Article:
It comes in a gallon can and is called Kool Seal UV Resistant Black Patch & Coat. In 2017 at my Walmart, I think I've always paid less than $20 for this at the store. I notice it’s $25 to $30 online. Write down the exact name. Kool-Seal makes a lot of different products. This one is patching compound for asphalt roofs, although I’ve found it also works on metal roofing and siding, shingle roofs, stucco, vinyl siding, brick and painted wood surfaces too. I’ve used it as caulking around aluminum and vinyl windows, outside, on a wooden structure. When used for caulking windows, use masking tape to get a straight line. And you can paint it when it dries.

 It’s black and looks like tar, but it contains no solvent and hardly smells at all. You can get intoxicated on some of these products, even when using them outdoors, but this is odorless. It has pieces of fiber in it to reinforce it. The first time I opened it, I was surprised at how fluffy it is. But it works better than anything I’ve tried in decades, and that includes expensive latex patch coating, liquid aluminum roof coating and especially tar. You will never go back to tar after using this.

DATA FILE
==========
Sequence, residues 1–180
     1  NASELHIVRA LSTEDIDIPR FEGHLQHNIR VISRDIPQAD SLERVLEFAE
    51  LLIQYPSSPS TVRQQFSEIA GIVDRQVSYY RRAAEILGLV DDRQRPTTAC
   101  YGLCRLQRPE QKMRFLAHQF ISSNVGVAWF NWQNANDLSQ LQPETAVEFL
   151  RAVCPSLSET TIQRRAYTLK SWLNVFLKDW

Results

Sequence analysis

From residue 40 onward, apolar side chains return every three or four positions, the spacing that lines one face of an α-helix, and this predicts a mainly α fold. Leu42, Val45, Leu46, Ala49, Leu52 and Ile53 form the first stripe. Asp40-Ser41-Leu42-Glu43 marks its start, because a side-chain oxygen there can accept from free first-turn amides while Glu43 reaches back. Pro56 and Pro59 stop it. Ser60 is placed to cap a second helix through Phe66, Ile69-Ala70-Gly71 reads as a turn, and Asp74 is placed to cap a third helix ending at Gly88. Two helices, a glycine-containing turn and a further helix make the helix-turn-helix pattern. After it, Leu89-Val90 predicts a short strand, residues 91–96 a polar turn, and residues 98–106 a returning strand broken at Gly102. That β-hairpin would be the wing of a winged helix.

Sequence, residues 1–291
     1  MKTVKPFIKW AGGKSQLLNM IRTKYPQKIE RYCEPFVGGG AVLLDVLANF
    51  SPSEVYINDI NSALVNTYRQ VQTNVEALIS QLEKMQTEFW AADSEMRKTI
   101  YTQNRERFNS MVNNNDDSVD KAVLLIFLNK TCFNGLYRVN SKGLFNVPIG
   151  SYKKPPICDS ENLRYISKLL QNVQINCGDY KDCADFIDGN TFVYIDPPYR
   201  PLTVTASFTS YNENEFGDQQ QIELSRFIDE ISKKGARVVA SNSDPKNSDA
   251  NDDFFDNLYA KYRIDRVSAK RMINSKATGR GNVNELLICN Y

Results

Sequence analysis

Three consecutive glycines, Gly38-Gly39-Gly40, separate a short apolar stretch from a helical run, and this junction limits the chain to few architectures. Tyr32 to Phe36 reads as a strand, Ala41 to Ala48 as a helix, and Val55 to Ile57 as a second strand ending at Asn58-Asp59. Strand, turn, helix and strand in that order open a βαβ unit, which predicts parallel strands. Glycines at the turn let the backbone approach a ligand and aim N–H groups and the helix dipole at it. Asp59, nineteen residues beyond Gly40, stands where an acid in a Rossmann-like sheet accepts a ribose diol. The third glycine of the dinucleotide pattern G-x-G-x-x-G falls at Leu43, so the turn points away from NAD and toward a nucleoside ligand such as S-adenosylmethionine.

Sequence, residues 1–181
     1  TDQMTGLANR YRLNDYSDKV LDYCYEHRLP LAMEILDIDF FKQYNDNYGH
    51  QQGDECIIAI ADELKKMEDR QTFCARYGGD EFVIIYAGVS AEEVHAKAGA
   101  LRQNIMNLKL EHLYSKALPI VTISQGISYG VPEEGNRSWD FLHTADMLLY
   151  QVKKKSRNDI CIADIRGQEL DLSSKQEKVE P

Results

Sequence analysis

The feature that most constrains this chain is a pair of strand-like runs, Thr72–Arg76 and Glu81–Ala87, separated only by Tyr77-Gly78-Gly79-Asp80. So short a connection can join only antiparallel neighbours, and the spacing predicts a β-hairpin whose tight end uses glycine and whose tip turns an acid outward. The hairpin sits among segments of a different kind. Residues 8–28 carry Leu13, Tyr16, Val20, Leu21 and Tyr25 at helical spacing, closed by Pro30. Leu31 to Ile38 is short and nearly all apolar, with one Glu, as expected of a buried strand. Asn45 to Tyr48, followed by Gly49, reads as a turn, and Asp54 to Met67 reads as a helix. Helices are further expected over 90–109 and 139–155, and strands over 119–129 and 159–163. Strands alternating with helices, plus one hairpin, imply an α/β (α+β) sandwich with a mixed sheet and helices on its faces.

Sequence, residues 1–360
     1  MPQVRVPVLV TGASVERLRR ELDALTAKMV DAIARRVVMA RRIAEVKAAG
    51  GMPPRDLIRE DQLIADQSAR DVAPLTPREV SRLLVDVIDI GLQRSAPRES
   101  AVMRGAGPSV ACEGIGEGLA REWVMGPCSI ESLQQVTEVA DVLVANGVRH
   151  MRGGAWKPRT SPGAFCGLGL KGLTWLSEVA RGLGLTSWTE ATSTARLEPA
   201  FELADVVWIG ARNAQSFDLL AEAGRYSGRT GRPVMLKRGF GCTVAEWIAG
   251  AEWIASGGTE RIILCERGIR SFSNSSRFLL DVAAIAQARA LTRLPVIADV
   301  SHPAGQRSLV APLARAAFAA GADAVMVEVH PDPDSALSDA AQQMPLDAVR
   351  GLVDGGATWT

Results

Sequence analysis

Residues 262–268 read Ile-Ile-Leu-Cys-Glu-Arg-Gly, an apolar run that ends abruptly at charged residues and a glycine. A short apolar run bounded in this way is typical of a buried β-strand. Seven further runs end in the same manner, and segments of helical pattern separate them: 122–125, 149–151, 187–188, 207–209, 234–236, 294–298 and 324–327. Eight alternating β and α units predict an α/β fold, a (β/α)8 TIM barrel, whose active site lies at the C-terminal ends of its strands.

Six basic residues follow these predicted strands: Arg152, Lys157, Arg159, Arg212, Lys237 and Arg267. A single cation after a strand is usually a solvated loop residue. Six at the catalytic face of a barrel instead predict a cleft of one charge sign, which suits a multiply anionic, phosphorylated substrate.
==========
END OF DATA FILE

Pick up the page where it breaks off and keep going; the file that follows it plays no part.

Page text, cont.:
While it’s wet, you can clean it up with soap and water. I wear plastic gloves while using it anyway. And if you get it on your clothes after it has dried, it’s hard to get off, so wear an old shirt.


For use on wider cracks or openings, up to maybe half an inch, use the Kool Seal Patch & Coat with fiberglass roof “fabric,” which I will refer to as mesh from here on in. It comes in a roll usually about 6 inches wide and a 100 feet or more long. You can cut it to any size you need to make a patch.